ASX dividend shares could produce a lot of income for a portfolio.
The post How to make a yearly income of $50,000 from ASX shares appeared first on The Motley Fool Australia. –
It is possible to create a yearly income of $50,000 of dividends from ASX shares, if compound interest can be utilised.
Compound interest can help
One of the smartest people to ever live, Albert Einstein, once reportedly said the following quote about compound interest:
Compound interest is the eighth wonder of the world. He who understands it, earns it, he who doesn’t, pays it.
Compound interest can build and build like a snowball rolling down a hill. It’s where interest earns interest, which earns interest in the following year.
Here is an example of how compound interest can grow money:
If there is an interest rate of 5%, then $100 will give an investor $5 after the first year. But if the investor leaves that $100 for a decade and it grows at the 5% interest rate whilst re-investing, it would reach $163. If you’re wondering how long the $100 would take to double to $200, it would be less than 15 years.
But shares’ historical long-term returns haven’t been around 5%. It has been stronger. Over the decades the ASX’s average return per annum has been approximately 10% per annum.
According to Vanguard, Australian shares have produced returns of 9.8% per annum since 1970.
Investors can play around with a compound interest calculator to play out various scenarios with money. Moneysmart may have one of the leading calculators.
If an investor put $10,000 into the ASX share market and it returned 10% per annum over the next two decades then it would turn into just over $73,000 over the next 20 years. That is just with the initial $10,000 – no further additions of capital.
Plenty of people are regularly investing, even if they don’t think of it that way. Most employees make quarterly (or more regular) contributions into their superannuation fund. People are also able to make regular investments outside of their super fund.
If that same investor put in the $10,000 at the start and then invested $200 every month for the next two decades, with the ASX share market making returns of 10% per annum, then it turns into $225,000 over two decades.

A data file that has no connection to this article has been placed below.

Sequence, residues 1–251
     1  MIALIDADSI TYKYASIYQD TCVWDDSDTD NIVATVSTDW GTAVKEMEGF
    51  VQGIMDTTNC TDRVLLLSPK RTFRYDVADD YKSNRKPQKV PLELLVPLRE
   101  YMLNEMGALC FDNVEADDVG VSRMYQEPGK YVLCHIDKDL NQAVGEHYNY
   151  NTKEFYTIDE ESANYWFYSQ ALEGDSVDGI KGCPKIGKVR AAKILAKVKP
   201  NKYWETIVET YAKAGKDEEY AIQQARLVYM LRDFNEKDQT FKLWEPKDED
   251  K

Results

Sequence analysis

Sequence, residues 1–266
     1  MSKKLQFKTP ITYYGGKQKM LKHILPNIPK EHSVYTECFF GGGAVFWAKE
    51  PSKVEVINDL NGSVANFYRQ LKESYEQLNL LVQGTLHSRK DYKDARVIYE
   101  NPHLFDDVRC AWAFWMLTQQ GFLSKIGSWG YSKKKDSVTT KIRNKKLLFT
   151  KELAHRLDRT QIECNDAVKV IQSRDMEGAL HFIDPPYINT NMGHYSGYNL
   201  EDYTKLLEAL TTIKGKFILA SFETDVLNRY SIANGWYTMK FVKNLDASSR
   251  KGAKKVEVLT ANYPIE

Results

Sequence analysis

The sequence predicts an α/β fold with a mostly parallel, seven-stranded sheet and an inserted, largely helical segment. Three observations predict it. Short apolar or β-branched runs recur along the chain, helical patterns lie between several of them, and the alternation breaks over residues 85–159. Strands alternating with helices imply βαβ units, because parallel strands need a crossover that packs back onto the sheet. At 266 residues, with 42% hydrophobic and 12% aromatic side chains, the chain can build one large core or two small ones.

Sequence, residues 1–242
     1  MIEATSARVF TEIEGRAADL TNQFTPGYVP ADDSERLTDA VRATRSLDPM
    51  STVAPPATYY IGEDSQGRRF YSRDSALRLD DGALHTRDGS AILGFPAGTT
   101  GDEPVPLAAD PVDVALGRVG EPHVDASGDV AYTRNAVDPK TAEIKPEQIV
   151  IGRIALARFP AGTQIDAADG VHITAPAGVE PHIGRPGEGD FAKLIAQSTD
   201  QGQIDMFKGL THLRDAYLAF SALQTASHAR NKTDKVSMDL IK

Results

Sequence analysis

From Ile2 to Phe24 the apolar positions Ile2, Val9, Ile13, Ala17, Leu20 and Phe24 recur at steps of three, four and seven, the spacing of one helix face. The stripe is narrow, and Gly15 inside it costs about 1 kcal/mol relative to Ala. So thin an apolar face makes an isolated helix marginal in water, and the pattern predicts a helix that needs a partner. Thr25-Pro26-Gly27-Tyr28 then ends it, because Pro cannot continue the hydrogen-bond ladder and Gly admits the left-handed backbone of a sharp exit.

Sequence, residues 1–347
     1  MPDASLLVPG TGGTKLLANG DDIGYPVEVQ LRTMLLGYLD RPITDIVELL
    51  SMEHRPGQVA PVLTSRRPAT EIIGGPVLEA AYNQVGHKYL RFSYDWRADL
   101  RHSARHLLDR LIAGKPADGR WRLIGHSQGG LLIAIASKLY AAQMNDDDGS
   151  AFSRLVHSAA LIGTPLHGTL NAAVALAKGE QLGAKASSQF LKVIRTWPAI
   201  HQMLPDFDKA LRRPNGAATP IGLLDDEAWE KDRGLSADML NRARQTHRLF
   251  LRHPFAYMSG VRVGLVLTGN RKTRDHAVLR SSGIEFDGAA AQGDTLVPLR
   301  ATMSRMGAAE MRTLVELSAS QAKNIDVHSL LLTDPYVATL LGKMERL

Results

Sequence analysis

Investors can play around with all the different potential scenarios – perhaps with a bigger upfront capital amount, or with higher monthly investing contributions.
If the investor put in $1,000 a month instead of $200 a month then they’d have $832,650 after that two decade period.
How does the $50,000 target of yearly dividends come in?
If an investor gives the portfolio a long enough time and makes regular contributions for a while, then the portfolio could grow into a large size. The portfolio can generate dividends each year.
For example, if a 25-year old decided to invest $1,000 a month into the ASX share market over the next 25 years until they were 50 and the share market returned 10% per annum then it would turn into a portfolio worth $1.18 million.
If the portfolio were invested in ASX shares that had an overall dividend yield of 4.5% then it would generate $53,107 of annual dividends (more than the $50,000 needed).
The Australian taxation system gives dividend investors a unique bonus with franking credits as a result of paying corporate tax.
The Australian Taxation Office (ATO) states:
Dividends paid to shareholders by Australian resident companies are taxed under a system known as imputation. This is where the tax the company pays is imputed, or attributed, to the shareholders. The tax paid by the company is allocated to shareholders as franking credits attached to the dividends they receive.
If you are an Australian resident, it will “reduce your tax liability from all forms of income (not just dividends) and from your taxable net capital gain” and/or “refund any excess franking to you after any income tax and Medicare levy liabilities have been met.”
What it means is that investors receive a higher after-tax dividend yield from ASX shares compared to international shares.
But investors would need to work out what yield and portfolio value they are looking for. A $1 million portfolio with a 5% yield would generate the $50,000 annual dividend target. However, a yield of 4% would need a larger portfolio yield.
The hardest decision might be finding which ASX shares to choose.
The post How to make a yearly income of $50,000 from ASX shares appeared first on The Motley Fool Australia.
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Motley Fool contributor Tristan Harrison has no position in any of the stocks mentioned. The Motley Fool Australia’s parent company Motley Fool Holdings Inc. has no position in any of the stocks mentioned. The Motley Fool Australia has no position in any of the stocks mentioned. The Motley Fool has a disclosure policy. This article contains general investment advice only (under AFSL 400691). Authorised by Bruce Jackson.